We’ve all heard our fair share of Cebu Pacific horror stories. I’ve experienced my own too, from a faulty website to delayed flights. But they weren’t anything that I haven’t encountered at Delta, PAL, or even Singapore Airlines.
That was until the Great Cebu Pacific Christmapocalypse of 2014. While I’m still compiling a lengthy account of that experience (complete with photos + videos of stranded children, crying women, and censorship attempts by security), I couldn’t help but take a deeper look into the company and uncover some interesting facts why it’s such a shitty airline.
I’m no expert in the airline business, but I’d like to believe I know a thing or two about how companies work. In this case, I’m looking at Cebu Pacific with the following context in mind:
- The airline industry is a tough business. In the US, the average airfare each way is $178 and the airlines would only make 37 cents per passenger trip on average.
- Cebu Pac is a growing business. 2014 revenues are up 25% year-to-date.
- The industry is becoming more competitive, with a resurgent PAL, a dominant low-cost competitor in Air Asia, and the desire of foreign airlines to enter the Philippine market.
- Filipinos are demanding better service, yet are also more docile consumers on average.
This is just the tip of the iceberg. I only spent two hours going through publicly available information in its annual report, quarterly disclosures, and analyst presentations, and I already uncovered lots of reasons why it’s a horribly run airline. I just wrote this today, and this is by no means a definitive analysis.
Place Cebu Pacific under the close, investigative scrutiny of a Patricia Evangelista, Natashya Gutierrez, or Bianca Consunji, and I bet we’ll uncover way more.
Four things stick out:
1. The Board of Directors is stacked with family members and insiders.
No surprise here. This is the Philippines, after all.
For comparison, let’s look at Air Asia’s board of directors, followed by their ages:
- Datuk Kamarudin bin Meranun (52), Non-Independent Executive Chairman
- Tan Sri Dr. Tony Fernandes (50), Non-Independent Executive Director and Group Chief Executive Officer
- Aireen Omar (40), Executive Director and Chief Executive Officer
- Abdul Aziz bin Abu Bakar (61), Non-Independent Non-Executive Director
- Fam Lee Ee (53), Independent Non-Executive Director
- Robert A Milton (53), Independent Non-Executive Director
- Amit Bhatia, Independent Non-Executive Director
- Uthaya Kumar A/L K Vivekananda (60), Independent Non-Executive Director
Here’s Cebu Pacific’s Board of Directors:
- Ricardo J. Romulo (80 yrs old), Chairman
- John L. Gokongwei, Jr (87)., Director
- James L. Go (74), Director
- Lance Y. Gokongwei (47), Director
- Robina Gokongwei-Pe (52), Director
- Frederick D. Go (45), Director
- Jose Buenaventura (79), Director
- Antonio L. Go (73), Independent Director
- Wee Khoon Oh (55), Independent Director
Why is this important? Because the board is the highest governing body of a corporation. If customer service is so bad, then either the Board a.) refuses to do something about it (prioritizing fleet expansion instead, for instance), or b.) is incapable of doing so.
Let’s look at the Board one by one.
Ricardo Romulo is the senior partner of law firm Romulo Mabanta. No airline experience.
Gokongwei patriarch John is unlikely to be closely involved in the airline’s operations given his age.
James Go is John’s brother. No airline experience.
John’s son Lance, is CEO of Cebu Pacific. No extensive airline experience before Cebu Pacific. More troubling, Lance also serves as CEO of Robinson’s Land. Oh wait, he is also CEO of Universal Robina.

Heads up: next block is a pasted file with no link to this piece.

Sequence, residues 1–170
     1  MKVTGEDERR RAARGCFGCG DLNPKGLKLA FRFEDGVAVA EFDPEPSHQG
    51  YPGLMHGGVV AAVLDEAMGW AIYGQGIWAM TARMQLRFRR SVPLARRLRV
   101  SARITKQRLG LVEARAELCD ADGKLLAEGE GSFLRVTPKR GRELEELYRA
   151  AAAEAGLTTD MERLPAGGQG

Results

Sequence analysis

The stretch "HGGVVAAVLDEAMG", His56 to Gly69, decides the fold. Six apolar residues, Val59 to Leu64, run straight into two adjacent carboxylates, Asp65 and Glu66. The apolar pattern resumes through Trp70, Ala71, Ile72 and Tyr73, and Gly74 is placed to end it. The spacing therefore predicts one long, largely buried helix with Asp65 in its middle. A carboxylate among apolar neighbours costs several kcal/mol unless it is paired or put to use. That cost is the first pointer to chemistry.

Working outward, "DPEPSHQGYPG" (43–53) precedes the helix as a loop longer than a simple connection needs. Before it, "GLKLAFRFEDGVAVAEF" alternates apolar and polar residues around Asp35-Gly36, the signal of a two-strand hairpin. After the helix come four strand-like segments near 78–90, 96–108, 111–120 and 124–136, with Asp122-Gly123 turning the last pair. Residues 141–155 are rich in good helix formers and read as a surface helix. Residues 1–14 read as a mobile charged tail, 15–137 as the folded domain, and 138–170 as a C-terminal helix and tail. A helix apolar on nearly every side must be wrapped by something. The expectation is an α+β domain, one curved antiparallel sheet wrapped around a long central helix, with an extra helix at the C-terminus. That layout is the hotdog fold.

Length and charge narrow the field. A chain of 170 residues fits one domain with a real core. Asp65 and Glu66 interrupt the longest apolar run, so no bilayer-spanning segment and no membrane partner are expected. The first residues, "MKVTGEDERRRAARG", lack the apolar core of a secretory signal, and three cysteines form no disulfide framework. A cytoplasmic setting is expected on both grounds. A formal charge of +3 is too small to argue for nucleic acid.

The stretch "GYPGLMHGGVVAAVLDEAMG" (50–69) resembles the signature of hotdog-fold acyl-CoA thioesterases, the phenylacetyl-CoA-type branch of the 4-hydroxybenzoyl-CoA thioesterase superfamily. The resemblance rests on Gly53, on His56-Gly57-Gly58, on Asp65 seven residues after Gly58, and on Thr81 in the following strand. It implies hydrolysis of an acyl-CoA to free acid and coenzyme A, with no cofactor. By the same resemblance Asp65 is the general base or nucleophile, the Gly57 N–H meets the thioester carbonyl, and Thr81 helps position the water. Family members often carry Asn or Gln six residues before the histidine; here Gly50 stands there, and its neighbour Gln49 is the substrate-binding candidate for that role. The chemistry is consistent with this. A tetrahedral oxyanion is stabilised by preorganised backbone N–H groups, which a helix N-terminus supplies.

I’m sure Lance is brilliant. But I am doubly sure airlines, real estate, and food & beverage are incredibly tough businesses on their own. How can he be CEO of all three? The inescapable conclusion is that Lance is Cebu Pacific CEO in name only.
Robina is Lance’s sister. No airline experience.
Frederick Go runs Robinson’s Land as COO. No airline experience. Which begs the question: if we measure Frederick’s and Lance’s performance, do they spend more time in the airline business or in the real estate business?
Jose Buenaventura is a lawyer (and a partner at Romulo Mabanta). No airline experience.
Antonio L. Go is a banker. No airline experience.
The only board director with significant airline experience is Wee Khoon Oh, who used to be with SIA Engineering Co. SIAEC also happens to be the aircraft maintenance contractor of Cebu Pacific. Even so, Wee Khoon’s experience is in aircraft engineering, not customer service or flight operations.
In short, this is a board stacked with lawyers, family members, and insiders. It’s a board designed to preserve control and mitigate risk, rather than to strive for operational excellence and competitiveness.
It’s also a board filled with old people. The average age of the Cebu Pacific Board is 65 (and that is helped by Lance and Frederick. 5 out of 9 Directors – a majority! – are above 73 years old).
The average age of the Air Asia board is 53.
There is a very real possibility that the Cebu Pacific Directors themselves are not aware of the on-the-ground reality because they are unlikely to browse through Facebook, Twitter, or this blog.
I am sure they are outstanding professionals in their fields. But their skill set does not belong in today’s airline business.
I can end this blog post on this point. But let’s go on.
2. Senior management is no longer the right team for the job.
The role of the Board of Director’s is to be the overall governing body of a corporation by setting strategy, selecting senior management, and deciding on things like acquisitions, capital raising, and management remuneration. Operations is the responsibility of the senior management team, which reports to the board.
If the main issues are a.) delayed and cancelled flights; and b.) poor customer experience (in terms of ground staff operations, check-ins, gate crews, refunds and rebookings), then we should be looking for managers who are in charge of operations and customer service.
We’ve established Lance is CEO in name only. Who’s really in charge at Cebu Pacific?
That would be Garry Kingshott, Chief Executive Adviser. We all know the “Adviser” title is a smokescreen in Philippine business given that public utilities cannot have foreigner CEOs. But with Lance’s multiple roles, it’s reasonable to believe that Garry is calling the shots.
Judging by his LinkedIn profile, Garry is a sales & marketing guy. Cebu Pacific’s focus on growing ancillary revenue (revenue from baggage fees, rebooking fees, etc – which by the way is worth P6 billion) is likely his strategy, given his past experience at Jet Lit India. He seems to be more preoccupied with international expansion rather than getting down and dirty with local flight operations.